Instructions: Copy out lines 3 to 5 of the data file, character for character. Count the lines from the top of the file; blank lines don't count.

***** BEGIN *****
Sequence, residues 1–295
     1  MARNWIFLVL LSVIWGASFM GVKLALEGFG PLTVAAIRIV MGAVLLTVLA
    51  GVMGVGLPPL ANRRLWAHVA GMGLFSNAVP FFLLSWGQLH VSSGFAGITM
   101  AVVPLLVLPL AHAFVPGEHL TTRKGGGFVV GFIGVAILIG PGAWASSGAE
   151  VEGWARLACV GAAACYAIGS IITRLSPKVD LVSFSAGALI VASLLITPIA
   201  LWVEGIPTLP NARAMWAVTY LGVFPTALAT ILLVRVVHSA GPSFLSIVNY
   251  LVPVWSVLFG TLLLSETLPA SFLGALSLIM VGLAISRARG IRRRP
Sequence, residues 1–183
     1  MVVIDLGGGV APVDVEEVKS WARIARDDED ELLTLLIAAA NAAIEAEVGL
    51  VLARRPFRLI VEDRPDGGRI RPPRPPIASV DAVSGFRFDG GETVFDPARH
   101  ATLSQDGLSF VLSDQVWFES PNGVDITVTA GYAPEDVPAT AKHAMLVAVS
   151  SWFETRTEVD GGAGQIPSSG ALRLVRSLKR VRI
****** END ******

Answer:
    51  GVMGVGLPPL ANRRLWAHVA GMGLFSNAVP FFLLSWGQLH VSSGFAGITM
   101  AVVPLLVLPL AHAFVPGEHL TTRKGGGFVV GFIGVAILIG PGAWASSGAE
   151  VEGWARLACV GAAACYAIGS IITRLSPKVD LVSFSAGALI VASLLITPIA